Deaf man's 911 text saves house from fire
Text went to operators at Oakland County Dispatch Center
ROCHESTER HILLS, Mich. – It seems as if people text more than they talk in modern days. That's why some communities have started allowing people to text 911.
Residents in Oakland County are allowed to text 911 and a message will appear on a screen for a dispatcher to read. A deaf Rochester Hills man said the texting system saved his house from burning down.
The fire started when the man's mother, Mary Powers, tried to clean the oven.
"I smelled something and I came out here and the oven was on fire," Powers said.
She ran back in the room to tell her son, Scott Powers, to get help.
"I told him to call 911," she said.
Her son pulled out his cellphone but didn't dial.
"That means text because he's deaf," Powers said.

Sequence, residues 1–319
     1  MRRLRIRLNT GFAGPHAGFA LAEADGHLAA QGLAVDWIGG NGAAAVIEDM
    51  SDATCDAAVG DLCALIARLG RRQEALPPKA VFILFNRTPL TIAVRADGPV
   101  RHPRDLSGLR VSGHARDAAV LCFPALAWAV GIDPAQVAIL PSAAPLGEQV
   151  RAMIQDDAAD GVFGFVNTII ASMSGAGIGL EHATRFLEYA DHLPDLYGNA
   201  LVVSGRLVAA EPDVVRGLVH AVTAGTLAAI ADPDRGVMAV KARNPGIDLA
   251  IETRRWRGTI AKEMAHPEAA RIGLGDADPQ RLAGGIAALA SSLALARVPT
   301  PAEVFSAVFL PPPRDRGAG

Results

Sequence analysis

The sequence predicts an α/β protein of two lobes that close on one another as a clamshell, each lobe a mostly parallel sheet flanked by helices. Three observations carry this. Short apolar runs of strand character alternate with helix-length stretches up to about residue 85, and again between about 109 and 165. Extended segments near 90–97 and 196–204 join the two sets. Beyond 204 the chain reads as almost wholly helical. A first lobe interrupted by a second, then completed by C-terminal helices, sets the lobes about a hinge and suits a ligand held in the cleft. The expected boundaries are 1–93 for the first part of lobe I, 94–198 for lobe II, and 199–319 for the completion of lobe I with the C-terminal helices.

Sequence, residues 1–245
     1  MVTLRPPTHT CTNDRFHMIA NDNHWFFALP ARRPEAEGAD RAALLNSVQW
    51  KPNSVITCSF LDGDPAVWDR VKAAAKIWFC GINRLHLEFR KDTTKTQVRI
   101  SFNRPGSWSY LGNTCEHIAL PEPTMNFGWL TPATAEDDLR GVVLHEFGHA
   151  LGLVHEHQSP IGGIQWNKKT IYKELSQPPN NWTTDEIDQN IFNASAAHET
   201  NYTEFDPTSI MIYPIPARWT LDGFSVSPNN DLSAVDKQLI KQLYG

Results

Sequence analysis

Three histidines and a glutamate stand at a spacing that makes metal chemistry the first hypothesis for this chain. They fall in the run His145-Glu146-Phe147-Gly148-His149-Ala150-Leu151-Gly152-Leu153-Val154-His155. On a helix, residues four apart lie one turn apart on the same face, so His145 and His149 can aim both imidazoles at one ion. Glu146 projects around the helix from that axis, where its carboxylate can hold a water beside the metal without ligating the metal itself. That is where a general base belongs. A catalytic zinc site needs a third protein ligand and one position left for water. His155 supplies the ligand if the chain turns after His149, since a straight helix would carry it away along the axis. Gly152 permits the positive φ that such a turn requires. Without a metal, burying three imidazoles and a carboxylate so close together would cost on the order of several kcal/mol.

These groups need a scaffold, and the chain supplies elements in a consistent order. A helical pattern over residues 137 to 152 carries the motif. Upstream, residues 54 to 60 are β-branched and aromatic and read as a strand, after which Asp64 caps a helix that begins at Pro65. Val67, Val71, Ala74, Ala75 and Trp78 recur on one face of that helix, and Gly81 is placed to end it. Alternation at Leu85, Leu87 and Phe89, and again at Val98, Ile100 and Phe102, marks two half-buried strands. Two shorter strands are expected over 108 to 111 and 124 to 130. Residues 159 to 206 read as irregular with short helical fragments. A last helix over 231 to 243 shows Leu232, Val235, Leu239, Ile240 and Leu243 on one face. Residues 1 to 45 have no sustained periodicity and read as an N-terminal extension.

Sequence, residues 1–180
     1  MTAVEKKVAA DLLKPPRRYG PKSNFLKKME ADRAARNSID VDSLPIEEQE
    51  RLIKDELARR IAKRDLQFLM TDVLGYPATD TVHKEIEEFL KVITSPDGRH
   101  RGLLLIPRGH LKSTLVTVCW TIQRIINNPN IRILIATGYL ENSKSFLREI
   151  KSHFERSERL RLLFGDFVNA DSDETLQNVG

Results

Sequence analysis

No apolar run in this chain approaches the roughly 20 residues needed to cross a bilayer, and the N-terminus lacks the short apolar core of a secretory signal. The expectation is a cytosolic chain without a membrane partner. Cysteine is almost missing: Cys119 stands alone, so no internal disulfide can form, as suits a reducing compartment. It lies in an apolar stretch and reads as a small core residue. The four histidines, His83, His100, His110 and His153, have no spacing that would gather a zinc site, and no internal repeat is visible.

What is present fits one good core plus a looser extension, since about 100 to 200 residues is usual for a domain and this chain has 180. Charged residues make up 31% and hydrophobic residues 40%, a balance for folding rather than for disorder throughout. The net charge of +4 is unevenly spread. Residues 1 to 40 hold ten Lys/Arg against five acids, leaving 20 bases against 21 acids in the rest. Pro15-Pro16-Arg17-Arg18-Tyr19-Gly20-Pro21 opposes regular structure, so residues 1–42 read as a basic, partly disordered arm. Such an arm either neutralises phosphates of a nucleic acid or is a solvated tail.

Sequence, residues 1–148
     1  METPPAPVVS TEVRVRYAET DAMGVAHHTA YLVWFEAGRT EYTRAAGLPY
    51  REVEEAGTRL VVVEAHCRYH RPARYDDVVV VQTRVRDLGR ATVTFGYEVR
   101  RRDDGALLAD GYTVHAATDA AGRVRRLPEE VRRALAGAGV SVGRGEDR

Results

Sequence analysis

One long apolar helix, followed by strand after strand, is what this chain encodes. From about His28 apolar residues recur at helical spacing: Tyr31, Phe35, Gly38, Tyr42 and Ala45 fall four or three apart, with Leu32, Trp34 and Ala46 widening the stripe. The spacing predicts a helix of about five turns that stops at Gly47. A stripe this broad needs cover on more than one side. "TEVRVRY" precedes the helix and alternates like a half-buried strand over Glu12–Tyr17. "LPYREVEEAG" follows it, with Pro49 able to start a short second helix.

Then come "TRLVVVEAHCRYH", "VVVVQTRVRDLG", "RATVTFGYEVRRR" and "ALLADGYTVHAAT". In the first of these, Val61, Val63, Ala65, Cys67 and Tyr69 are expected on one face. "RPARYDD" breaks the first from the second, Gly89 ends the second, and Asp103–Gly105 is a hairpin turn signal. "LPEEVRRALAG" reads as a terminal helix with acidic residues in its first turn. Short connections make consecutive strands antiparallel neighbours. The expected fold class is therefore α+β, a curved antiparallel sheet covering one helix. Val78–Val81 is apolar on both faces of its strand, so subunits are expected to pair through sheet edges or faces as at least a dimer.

"I'm deaf, I can't talk on the phone, need fire department immediately," the text read.
The text went right through to operators at the Oakland County Dispatch Center.
Oakland County has been equipped with the 911 text messaging for just over a year. They average around 12 emergency text messages a day. Scott Powers owns his house and is thankful the county can accommodate his needs.
"I like to be independent without depending on other people," he said. "I used to think, 'What would I do if my house was on fire?' The first thing I used to think was, 'Run to my neighbor.'"
He's fortunate to live in an area where he can get emergency help. He hopes other communities will get on board with the technology.
"When I'm on the road visiting a friend, sometimes it doesn't work," Powers said. "I'll text 911. I'd get a response back saying it's not available."
This was the first time the Rochester Hills Fire Department benefited from the 911 text. But they realize this will likely not be the last time.
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